The purpose of this paper is to compare the self‐reported attitudes toward Aboriginal policing of officers in isolated/remote communities with those from accessible Aboriginal communities.
Survey results are reported for 294 officers working in Aboriginal communities throughout Canada.
Officers working in remote jurisdictions tended to be younger, better educated, and had less policing experience than those working in non‐isolated Aboriginal communities. Social problems in these remote communities were thought to be more serious than those reported by officers working in accessible Aboriginal communities. Despite these demographic and contextual differences, self‐reported attitudes toward Aboriginal policing were generally similar, although officers working in isolated communities tended to report more conservative views on enforcement.
The generalizability of the results is limited by the modest (40.7 percent) response rate, and the fact that officers working in Aboriginal agencies were less likely to participate than those working for national or provincial police services.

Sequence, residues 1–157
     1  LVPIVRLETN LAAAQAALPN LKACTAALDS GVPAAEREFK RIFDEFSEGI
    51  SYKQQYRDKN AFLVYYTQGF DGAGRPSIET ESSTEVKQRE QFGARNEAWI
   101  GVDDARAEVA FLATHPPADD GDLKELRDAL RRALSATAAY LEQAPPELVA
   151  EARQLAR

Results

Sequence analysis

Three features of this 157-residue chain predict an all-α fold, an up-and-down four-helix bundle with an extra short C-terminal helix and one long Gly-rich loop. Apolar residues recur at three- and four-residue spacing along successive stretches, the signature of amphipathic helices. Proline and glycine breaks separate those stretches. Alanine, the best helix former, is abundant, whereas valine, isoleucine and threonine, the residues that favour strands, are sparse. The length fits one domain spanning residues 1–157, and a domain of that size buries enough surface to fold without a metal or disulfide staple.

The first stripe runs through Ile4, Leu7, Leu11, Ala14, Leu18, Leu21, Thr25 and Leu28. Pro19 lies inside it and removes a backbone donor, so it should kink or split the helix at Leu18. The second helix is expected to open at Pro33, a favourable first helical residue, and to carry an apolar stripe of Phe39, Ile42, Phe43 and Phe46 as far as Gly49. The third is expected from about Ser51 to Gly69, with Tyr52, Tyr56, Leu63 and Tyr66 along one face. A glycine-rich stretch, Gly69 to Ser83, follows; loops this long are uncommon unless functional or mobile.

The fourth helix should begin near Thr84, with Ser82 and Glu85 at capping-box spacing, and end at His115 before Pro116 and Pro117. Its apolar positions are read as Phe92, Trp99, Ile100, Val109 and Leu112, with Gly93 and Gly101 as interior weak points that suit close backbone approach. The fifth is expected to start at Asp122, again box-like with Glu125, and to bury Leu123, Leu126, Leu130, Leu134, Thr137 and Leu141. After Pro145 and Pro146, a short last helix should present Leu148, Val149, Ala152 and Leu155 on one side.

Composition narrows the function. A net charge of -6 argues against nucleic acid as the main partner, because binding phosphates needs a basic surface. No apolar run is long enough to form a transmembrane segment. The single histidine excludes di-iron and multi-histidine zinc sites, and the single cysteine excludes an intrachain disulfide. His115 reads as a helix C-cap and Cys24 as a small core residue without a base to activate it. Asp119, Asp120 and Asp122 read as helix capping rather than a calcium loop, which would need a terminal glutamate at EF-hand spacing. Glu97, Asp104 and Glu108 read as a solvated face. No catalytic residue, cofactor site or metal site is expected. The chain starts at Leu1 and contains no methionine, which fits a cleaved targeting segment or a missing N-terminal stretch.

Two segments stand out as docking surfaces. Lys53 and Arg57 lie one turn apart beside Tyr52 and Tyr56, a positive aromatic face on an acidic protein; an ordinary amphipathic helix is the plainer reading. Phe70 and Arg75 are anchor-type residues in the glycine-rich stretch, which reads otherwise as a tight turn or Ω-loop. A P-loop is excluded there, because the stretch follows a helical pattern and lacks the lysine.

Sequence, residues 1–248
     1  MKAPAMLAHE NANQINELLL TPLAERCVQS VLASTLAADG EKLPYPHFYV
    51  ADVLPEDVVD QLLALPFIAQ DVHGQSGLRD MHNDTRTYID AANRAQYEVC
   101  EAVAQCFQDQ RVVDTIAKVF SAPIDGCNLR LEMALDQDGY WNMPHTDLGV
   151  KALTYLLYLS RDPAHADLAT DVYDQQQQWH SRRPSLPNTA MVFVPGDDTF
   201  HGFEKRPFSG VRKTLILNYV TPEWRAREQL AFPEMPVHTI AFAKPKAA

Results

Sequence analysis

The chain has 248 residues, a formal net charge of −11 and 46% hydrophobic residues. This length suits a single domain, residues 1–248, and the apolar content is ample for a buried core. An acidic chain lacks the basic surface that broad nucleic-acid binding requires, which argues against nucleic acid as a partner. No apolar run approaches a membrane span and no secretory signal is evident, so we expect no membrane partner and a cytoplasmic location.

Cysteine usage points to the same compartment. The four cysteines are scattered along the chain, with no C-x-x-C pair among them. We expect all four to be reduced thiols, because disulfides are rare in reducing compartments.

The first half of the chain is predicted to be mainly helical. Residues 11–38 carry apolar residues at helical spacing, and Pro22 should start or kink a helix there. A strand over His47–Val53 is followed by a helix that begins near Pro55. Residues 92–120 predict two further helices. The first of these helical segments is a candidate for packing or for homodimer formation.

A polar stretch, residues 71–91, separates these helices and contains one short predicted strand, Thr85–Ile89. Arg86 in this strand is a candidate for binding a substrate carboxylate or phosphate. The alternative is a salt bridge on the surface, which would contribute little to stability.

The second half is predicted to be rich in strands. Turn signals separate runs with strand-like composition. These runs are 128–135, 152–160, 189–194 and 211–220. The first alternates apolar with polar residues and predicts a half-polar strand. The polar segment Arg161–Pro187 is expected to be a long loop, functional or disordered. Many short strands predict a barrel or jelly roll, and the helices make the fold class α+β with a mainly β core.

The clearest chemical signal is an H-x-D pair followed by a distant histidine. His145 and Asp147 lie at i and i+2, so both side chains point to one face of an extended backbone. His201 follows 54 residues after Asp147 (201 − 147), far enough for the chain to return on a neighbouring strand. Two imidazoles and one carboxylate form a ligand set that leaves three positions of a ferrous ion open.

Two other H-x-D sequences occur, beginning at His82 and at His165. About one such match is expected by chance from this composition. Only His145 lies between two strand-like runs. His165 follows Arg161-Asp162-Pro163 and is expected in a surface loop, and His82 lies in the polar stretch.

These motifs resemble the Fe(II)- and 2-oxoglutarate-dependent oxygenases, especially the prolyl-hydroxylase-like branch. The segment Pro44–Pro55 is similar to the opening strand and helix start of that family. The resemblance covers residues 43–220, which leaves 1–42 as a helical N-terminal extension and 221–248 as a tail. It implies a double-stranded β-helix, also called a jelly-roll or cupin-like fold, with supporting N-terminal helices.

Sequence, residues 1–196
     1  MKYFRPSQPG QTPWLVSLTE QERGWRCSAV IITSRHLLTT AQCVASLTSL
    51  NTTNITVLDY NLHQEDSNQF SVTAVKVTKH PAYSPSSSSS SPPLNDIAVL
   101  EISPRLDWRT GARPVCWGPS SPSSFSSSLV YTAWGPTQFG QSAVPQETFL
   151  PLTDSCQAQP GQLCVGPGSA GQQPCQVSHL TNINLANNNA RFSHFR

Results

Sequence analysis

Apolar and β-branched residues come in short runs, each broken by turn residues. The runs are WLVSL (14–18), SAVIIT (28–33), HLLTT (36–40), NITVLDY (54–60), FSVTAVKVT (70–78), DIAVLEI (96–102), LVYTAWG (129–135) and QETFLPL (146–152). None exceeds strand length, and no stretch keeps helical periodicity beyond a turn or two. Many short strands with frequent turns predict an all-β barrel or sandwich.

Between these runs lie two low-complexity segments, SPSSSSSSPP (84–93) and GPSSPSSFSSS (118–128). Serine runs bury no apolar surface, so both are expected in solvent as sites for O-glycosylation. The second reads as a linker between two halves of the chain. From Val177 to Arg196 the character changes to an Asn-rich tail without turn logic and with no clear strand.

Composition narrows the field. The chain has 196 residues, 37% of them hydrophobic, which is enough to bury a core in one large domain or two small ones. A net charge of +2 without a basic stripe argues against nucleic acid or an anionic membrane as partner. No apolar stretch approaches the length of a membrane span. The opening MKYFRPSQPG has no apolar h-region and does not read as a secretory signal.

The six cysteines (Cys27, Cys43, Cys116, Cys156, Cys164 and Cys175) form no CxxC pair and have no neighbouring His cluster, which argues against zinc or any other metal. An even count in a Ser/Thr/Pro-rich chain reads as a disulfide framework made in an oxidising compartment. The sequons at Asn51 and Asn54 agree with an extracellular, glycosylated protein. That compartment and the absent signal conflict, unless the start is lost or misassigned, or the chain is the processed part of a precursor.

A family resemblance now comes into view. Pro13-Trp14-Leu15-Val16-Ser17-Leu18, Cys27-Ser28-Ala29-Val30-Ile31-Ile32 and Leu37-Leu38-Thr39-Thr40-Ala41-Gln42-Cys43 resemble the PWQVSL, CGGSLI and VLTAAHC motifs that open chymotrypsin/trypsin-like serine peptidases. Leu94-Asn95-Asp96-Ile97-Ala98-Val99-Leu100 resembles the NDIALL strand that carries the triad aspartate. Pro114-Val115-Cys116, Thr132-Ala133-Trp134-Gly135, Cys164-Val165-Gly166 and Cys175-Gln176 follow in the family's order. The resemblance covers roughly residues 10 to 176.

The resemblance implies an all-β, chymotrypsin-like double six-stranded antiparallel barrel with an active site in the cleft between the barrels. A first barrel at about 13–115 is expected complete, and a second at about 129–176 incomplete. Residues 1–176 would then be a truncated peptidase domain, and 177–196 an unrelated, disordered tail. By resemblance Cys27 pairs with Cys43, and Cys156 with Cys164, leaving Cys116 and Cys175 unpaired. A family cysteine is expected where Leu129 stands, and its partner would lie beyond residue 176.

The results suggest that more effective recruiting, training, and retention strategies should be developed for officers working in Aboriginal communities.
This is the first comprehensive study of the perceptions of officers toward Aboriginal policing. While the police in isolated communities represent a small proportion of all law enforcement officers, their insight sheds light on this often misunderstood and under‐researched aspect of law enforcement.
Lithopoulos, S. and Ruddell, R. (2011), "Policing isolated Aboriginal communities: perspectives of Canadian officers", Policing: An International Journal, Vol. 34 No. 3, pp. 434-453. https://doi.org/10.1108/13639511111157500Download as .RIS
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